Examining the role of place-based interventions in supporting military families: A qualitative study of family-centered therapeutic landscapes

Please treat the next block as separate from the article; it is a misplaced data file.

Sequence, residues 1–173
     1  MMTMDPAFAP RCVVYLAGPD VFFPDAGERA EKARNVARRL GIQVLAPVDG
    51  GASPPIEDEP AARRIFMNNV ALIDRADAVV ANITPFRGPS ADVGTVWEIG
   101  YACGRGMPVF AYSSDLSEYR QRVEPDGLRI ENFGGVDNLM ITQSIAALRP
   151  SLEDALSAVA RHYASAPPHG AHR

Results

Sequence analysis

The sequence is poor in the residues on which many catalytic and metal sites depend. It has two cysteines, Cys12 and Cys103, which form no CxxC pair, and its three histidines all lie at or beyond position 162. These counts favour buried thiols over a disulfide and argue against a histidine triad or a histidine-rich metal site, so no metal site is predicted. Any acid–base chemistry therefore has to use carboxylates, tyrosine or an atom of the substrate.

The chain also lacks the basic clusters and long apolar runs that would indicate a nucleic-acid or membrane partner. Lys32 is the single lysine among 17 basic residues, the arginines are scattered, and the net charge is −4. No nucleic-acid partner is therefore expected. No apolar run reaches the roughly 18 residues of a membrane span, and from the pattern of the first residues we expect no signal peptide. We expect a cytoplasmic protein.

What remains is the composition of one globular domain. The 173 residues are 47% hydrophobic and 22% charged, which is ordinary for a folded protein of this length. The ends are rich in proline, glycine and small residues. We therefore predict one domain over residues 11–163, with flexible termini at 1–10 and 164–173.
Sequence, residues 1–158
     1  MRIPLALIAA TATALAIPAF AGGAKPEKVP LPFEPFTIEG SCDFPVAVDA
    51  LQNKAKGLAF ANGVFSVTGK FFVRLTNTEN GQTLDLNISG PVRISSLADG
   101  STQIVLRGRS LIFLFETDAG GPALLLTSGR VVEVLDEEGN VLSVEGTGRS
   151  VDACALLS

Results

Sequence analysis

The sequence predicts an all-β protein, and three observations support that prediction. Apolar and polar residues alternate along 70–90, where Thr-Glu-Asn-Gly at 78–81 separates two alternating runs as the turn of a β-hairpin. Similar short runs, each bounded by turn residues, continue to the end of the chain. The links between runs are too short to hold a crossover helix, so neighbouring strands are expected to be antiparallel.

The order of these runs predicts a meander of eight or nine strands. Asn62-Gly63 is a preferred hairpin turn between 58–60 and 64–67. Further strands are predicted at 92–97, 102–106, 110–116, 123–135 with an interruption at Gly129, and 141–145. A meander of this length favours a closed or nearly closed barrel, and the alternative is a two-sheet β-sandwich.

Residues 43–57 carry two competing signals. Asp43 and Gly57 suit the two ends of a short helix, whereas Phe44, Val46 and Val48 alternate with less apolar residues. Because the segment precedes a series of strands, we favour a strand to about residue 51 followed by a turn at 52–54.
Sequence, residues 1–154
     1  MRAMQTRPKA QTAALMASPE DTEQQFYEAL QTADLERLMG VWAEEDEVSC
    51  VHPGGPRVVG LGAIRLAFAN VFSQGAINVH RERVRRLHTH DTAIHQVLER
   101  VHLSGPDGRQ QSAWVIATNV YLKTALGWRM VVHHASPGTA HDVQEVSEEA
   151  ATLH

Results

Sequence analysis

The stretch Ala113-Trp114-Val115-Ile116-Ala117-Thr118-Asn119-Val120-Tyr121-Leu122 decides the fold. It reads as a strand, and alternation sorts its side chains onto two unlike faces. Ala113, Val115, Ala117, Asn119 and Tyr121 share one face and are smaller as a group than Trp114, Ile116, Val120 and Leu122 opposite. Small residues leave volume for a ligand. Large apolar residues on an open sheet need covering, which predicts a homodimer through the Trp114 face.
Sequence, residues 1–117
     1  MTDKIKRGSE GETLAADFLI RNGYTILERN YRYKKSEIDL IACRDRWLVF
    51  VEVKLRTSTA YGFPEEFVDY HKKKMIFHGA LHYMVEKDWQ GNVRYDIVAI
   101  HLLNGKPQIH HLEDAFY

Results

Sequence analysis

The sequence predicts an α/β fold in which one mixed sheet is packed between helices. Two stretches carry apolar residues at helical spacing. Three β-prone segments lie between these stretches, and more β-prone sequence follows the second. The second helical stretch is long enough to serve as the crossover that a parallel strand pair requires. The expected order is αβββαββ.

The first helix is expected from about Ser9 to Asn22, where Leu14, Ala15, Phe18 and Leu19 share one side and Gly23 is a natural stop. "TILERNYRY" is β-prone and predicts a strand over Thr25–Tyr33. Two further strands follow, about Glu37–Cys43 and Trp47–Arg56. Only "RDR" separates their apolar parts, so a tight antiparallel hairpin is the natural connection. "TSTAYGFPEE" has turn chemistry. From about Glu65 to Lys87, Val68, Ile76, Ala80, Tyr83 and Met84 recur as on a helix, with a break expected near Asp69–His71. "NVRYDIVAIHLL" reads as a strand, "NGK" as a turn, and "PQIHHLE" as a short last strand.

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United States military families, including active duty, Reserve and National Guard, and veteran families, continue to face challenges and risks to psycho-social health and well-being. Deployments are ongoing and represent a significant source of stress during which families attempt to maintain relationships across great distances and within the dangerous context of wartime service. Injured service members (both those who continue to serve and those who are separated from the military) and their families, contend with multiple issues related to managing symptoms, finding adequate treatment, and carving out lives under new circumstances. Research with military families continues to be essential to understanding how to best support the military members, spouses/partners, and children who sacrifice so much with their service. This qualitative dissertation uses a grounded theory approach to explore military families’ experiences of stress and coping during deployment, especially those of female spouses. In addition, it examines family-level efforts to reconnect and reintegrate post-deployment and post-injury through participation in a family retreat program. In particular, this study focuses on the emplaced experiences inherent to maintaining the home during deployment and attending a place-based retreat. In doing so, this study implements a family systems approach to understanding these emplaced experiences, acknowledging the complex relational connections within families and the ways in which stressful events in particular, have ripple effects through the family unit. This dissertation is comprised of three papers empirically based on qualitative interviews with parents who attended the National Military Family Association’s Operation Purple Family Retreat® (OPFR) and Operation Purple Healing Adventures® (OPHA) programs in 2013. The first paper looks at the deployment experiences of 43 female spouses with children, with particular attention to the often overlooked duties spouses take on as the primary parent on the home front. This paper conceptualizes military spouses as “stay-behind parents” and presents findings related to the stress and coping processes characteristic of this role. The second paper turns to parents’ experiences at the Operation Purple retreats and seeks to understand how these family programs function as “therapeutic landscapes,” a health geography framework used to understand links between places and healing. Interviews with 50 parents demonstrate interconnected program components related to the physical environment, social environment, and symbolic environment that facilitated participants’ therapeutic experiences. The third paper examines respondents’ experiences of the nature settings where the Operation Purple retreats occurred, seeking to illuminate the lived (military family) experience of spending time in natural environments. Findings are arranged in three phenomenological domains that both confirm and extend existing nature-health research: Being away, Being in, and Being fascinated. This study seeks to deepen our understanding of military family life and the ways in which military family systems are impacted by wartime service, deployment, and parental injury. It also aims to direct attention to existing, on-the-ground supports for military families, and place-based programs in particular. By theorizing mechanisms at work in these programs, practices can be further refined and developed to meet the needs of military families.
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